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From: Andy Little (andy_at_[hidden])
Date: 2003-10-24 15:40:56

"Phil Richards" <news_at_[hidden]> wrote in message
> On 2003-10-21, Andy Little <andy_at_[hidden]> wrote:
> > "Paul A. Bristow" <boost_at_[hidden]> wrote in message
> >
> [wants all values stored internally as SI units]
> > Within SI units there are various units within 1 dimension.
> > ie length has units from nanometres to kilometres (and beyond).
> [... lot of stuff I pretty agree with zapped ...]
> Minor quibble: within "SI units", there is one, and only one unit
> for each dimension.
> There are multiple defined prefixes for units, but SI (base) defines
> only the 7 basic units.

Ok ... If I go much further with this I will have to get pretty well
acquainted with all this stuff :-)
The S.I. standards provides a very good basis on which to work. Including
what they say is 'not allowed' :-)

> Anyway, this thread has gone on in so many different branches
> I think I've started to lose visibility of what is being said
> and why it is or isn't right.

Apologies... I have been trying to be impartial and find weaknesses and
alternatives to my demo.

> On the project I work on, we built our own dimensional analysis
> class. We are (currently) forced to use MSVC++6, and hence
> can't do a lot of the neato template stuff that we would *really*
> like to do.

I recently upgraded to VC7. That played a major part in me attempting and
being able to implement the demo.
(Thanks to Paul Bristow for pointing this out )

> At the simplest level, we have something like (names changed to
> protect the innocent):
> typedef Dimensions<double, 1,0,0,0,0,0,0> Time;
> typedef Dimensions<double, 0,1,0,0,0,0,0> Distance;
> ...etc...
> And derived quantities like:
> typedef Dimensions<double, -1,1,0,0,0,0,0> Speed;

critically here if this was:
typedef Dimensions<double, 1,0,0,0,0,0,0> seconds;
typedef Dimensions<double, 0,1,0,0,0,0,0> metres;
typedef Dimensions<double, -1,1,0,0,0,0,0> metres_per_sec;

ok we could argue about the names, but if there was some standard naming
your code would become more reusable.
in a wider context

> We have the *convention* that these are storing SI based values.
> It is nothing more than convention - the same library can be
> used without change with any _consistent_ set of units. If you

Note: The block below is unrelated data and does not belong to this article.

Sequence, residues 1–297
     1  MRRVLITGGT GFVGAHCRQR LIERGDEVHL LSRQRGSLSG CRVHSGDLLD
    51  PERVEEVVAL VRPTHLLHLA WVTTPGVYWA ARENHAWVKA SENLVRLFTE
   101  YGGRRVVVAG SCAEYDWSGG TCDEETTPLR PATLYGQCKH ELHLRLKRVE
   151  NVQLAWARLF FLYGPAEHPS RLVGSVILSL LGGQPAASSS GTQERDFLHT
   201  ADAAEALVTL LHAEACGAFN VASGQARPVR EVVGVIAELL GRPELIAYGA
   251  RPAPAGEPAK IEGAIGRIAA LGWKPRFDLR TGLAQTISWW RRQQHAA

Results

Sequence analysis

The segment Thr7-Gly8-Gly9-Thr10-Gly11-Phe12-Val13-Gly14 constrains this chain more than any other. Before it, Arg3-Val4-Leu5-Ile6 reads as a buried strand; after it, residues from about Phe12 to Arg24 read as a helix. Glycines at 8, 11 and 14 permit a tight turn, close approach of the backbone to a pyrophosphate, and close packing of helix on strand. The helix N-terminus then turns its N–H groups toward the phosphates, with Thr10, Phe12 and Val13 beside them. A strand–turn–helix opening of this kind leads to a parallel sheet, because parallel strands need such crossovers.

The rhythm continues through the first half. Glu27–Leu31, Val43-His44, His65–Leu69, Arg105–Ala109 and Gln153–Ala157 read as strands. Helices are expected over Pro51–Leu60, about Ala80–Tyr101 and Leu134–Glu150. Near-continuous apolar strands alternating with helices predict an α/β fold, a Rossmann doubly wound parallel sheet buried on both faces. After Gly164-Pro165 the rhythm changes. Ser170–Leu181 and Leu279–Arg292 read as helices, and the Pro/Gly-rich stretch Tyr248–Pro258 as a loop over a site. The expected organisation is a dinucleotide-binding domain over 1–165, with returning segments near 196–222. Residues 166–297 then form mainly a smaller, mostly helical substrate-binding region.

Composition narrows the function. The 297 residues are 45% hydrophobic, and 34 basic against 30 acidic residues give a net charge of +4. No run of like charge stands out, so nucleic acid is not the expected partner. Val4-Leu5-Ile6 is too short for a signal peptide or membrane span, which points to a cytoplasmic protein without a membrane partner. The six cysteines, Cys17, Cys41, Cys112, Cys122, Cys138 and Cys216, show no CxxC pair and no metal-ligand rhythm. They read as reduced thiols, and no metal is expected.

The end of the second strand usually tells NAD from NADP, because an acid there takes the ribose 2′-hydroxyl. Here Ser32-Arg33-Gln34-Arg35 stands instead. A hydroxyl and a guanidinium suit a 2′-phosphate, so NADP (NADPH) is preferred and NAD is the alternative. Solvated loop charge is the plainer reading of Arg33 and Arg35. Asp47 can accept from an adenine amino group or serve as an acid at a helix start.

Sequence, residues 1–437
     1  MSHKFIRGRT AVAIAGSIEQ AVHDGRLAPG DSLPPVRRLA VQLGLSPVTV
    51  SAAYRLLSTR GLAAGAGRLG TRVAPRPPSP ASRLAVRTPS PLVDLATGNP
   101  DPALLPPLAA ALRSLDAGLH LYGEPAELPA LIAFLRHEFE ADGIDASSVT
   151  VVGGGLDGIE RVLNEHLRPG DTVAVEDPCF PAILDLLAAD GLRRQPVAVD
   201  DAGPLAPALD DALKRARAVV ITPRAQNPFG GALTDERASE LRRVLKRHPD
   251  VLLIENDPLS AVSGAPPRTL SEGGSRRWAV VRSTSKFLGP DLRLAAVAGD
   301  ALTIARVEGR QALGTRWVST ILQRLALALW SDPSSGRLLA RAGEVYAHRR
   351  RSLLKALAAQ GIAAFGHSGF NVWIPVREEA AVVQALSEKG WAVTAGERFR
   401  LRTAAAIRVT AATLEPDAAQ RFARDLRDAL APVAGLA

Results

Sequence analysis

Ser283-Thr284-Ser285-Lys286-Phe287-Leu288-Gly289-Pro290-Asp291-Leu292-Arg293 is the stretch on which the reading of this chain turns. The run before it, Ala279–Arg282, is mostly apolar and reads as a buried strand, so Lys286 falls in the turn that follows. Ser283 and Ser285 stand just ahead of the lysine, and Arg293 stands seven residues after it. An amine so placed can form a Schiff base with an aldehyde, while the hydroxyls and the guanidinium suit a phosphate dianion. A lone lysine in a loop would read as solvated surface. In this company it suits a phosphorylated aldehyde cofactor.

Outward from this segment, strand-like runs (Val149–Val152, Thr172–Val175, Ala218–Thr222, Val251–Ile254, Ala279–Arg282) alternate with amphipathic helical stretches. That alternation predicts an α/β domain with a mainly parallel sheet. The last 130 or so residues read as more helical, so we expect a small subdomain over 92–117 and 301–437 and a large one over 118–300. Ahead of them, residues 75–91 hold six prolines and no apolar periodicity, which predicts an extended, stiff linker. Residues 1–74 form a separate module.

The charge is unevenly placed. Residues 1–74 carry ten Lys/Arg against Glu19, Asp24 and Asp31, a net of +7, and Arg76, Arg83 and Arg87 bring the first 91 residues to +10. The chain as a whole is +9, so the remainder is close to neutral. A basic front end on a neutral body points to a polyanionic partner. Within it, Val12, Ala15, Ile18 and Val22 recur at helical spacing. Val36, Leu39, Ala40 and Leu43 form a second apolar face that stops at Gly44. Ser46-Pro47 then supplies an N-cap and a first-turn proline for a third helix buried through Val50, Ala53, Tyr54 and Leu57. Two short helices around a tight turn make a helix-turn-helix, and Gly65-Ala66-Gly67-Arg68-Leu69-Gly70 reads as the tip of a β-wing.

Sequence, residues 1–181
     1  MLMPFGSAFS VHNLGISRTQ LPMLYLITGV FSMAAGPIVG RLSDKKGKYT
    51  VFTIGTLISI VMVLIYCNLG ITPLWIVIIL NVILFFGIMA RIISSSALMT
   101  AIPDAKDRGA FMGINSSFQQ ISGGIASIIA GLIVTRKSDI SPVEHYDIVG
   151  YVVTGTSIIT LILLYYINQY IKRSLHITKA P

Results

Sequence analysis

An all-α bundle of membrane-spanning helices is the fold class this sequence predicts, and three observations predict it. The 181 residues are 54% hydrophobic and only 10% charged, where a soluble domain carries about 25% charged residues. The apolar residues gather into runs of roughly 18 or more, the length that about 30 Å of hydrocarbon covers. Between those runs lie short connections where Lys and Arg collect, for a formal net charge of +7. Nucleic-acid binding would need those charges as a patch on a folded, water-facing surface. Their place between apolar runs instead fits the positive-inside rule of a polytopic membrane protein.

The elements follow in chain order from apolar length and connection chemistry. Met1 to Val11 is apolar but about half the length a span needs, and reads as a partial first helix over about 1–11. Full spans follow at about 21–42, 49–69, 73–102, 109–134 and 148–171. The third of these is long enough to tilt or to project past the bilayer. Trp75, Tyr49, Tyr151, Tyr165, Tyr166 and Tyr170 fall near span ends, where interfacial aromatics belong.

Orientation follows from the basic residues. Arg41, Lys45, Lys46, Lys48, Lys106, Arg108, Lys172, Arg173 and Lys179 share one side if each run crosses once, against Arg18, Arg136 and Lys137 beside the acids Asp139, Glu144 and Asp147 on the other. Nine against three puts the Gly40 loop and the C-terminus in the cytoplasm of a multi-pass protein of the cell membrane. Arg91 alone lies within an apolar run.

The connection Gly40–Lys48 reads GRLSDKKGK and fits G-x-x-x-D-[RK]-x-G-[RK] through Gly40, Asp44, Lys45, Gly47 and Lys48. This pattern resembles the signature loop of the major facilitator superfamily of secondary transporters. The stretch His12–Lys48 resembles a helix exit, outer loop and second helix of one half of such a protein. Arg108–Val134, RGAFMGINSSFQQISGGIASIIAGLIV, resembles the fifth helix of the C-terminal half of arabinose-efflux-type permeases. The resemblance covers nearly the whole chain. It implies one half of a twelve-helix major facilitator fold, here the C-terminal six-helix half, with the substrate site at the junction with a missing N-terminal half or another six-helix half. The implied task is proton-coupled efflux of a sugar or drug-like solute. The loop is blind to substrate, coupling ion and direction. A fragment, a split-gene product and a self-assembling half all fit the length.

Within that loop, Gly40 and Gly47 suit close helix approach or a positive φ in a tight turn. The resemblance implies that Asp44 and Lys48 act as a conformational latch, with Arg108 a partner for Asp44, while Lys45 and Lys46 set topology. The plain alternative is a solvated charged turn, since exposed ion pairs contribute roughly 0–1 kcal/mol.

> want time in hours, and distance in miles, then your speeds
> will be in miles per hour. The dimensional analysis checking
> works just as well.

Again assuming some standardardised typename... here using the above example
typedef seconds Time;

What you *don't* have is conversions between
> different units.

You could enforce this policy by using a version of the type that defines
one set of units only

> This suggests to me that units are orthogonal to dimensional analysis.
> Which I think is what Andy is saying.

The unit(s) define(s) the type with tighter constraints than the
A physical quantity built on unitless dimensions is too weak as a type.

> In fact I lied: we don't actually specify the first argument
> as "double", we use a policy type, and use its value_type definition.
> (We stick a lot of other stuff in there to generate fudge-factor
> comparison operators that can be tuned to the domain we are working
> in, but that's not important right now.)
> This could probably be allow us to have parallel unit representations
> if we so desired:
> typedef Dimensions<SIPolicy, 0,1,0,0,0,0,0> SIDistance;
> typedef Dimensions<ImperialPolicy, 0,1,0,0,0,0,0> ImperialDistance;
> This allows:
> SISpeed s = SIDistance(1.0) / SITime(1.0);
> But prevents:
> SIDistance sid = ImperialDistance(1.0);

Here again this is probably a question of how you implement the type.
Presumably an implementation could provide constraints on what conversions
are allowed.
Or this might be intrinsic to the implementation.
( This again points up the utility of definable compile time messages. )

Interesting ... thanks :-)

Apologies if this makes no sense but it occurs to me that we are talking
about the same type.
The type is in wide use though in many cases it is implemented as a double
or int etc.
(The question then is what are the benefits and costs of implementing a
physical quantity type over an int or double etc)
 A lot of this is about standardisation of names... with more or less
flexibility in the underlying at an extreme:

template <typename T>
class pq_length /* or whatever */ {
    typedef T metres; // ok the intent is clear

pq_length<double>::metres mylen;

Andy Little

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